Proposed SC bill would define 'person' at fertilization

Published: Mar. 30, 2017 at 6:29 PM EDT|Updated: Mar. 30, 2017 at 7:17 PM EDT
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COLUMBIA, SC (WIS) - South Carolina's Lt. Gov. Kevin Bryant is fighting for the 'right to life' for unborn children, starting at fertilization.

Bryant's bill, S. 217, is the Personhood Act of South Carolina. He sponsored the bill as a senator along with 18 other senators who also signed on as sponsors.

In a standing room only meeting on Thursday morning, there was moving testimony on the bill from those both for and against it. If passed, the act would grant the same rights to the zygote or fertilized egg, as to the adult.

The Lt. Gov. began the hearing, reading from S. 217: "…those unalienable rights endowed by the creator, the right to life, the right to liberty, and the right to the pursuit of happiness to the baby girl and the baby boy who have yet to be born."

Speakers on polar ends of the debate urged senators to hear their view on the matter. By recognizing those rights for each fertilized egg, there would be consequences on abortion; doctors would be unable to terminate pregnancies.

Those against the measure include Katie Sacra. She testified, telling the Senate panel of her trials and troubles raising a child with a painful, lethal disorder.

"I promise you, no matter how hard you try to imagine, you cannot begin to understand the magnitude of suffering this has caused in our lives," Sacra said.

Sacra says she has had abortions performed after learning of disorders the babies were to have if born. She says she believes the quality of life matters.

"I was scheduling an abortion…a decision I never thought I would make. A decision I have made more than once because of this horrible disorder. An incredibly personal decision I have been so grateful to have been able to make," she said.

Others testified against the quality of life argument, in support for the Personhood bill.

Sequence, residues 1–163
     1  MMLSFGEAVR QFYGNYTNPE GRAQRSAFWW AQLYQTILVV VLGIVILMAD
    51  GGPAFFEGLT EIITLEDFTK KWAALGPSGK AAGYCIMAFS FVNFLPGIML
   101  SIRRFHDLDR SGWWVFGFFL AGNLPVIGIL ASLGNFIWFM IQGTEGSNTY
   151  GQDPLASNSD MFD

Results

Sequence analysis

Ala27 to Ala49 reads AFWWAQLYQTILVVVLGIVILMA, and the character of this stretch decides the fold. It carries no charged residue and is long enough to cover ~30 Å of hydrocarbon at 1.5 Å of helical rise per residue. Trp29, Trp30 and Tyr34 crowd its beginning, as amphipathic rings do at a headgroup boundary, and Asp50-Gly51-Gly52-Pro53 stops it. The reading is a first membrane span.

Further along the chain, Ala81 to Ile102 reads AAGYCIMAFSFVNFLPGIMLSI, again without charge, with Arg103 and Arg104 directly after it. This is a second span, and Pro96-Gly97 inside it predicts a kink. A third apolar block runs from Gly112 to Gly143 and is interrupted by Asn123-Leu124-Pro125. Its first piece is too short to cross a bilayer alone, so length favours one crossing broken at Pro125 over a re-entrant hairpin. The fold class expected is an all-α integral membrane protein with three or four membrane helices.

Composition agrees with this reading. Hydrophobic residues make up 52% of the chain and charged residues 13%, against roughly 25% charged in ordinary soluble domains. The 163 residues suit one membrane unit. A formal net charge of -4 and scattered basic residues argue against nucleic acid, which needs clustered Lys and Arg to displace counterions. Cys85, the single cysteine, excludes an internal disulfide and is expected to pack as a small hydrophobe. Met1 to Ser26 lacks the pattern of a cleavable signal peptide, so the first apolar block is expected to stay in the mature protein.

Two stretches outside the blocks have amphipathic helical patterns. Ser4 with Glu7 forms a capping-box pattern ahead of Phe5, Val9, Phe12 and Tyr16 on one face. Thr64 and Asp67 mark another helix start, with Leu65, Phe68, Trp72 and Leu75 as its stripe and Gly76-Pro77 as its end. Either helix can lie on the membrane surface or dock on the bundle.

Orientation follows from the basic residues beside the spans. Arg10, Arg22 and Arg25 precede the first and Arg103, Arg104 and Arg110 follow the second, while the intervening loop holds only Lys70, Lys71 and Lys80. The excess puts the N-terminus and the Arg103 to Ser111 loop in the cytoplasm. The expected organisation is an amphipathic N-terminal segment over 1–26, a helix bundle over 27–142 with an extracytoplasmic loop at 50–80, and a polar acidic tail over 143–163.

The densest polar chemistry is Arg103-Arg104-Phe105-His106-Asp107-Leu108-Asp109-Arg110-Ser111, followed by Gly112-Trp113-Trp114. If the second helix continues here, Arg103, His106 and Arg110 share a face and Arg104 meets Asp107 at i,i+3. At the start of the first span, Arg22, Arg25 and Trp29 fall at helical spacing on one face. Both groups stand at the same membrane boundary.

"We have a lot of suffering in our world. I've seen a lot of it as a nurse. But opposing a single piece of legislation is not going to fix all that suffering," Laura Fultz said.

Others supporting the bill claim to be a voice for the unborn, believing each pregnancy an act of God.

"He did not change his position based on whether things were good or bad. We all suffer good and bad. When a child is conceived, the Lord has spoken," Valerie Quick said.

Planned Parenthood representatives argue that that would pose health risks for women who suffer dangerous, life-threatening pregnancies.

The measure could also affect fertility treatments such as in vitro fertilization or IVF. Vickie Ringer, with Planned Parenthood South Atlantic, says the bill would eliminate IVF.

"So, infertile couples who actually want to have children would not be able to take advantage of that fertility assistance," she said.

Those on the other side of the issue believe there should be a voice for the unborn that do not have one, and that this stage of life deserves due process the same as an adult does.

There was no action taken on the bill Thursday. There was not enough time in the meeting to allow everyone to testify that had signed up, so the Senate panel will meet again to hear that likely next week.

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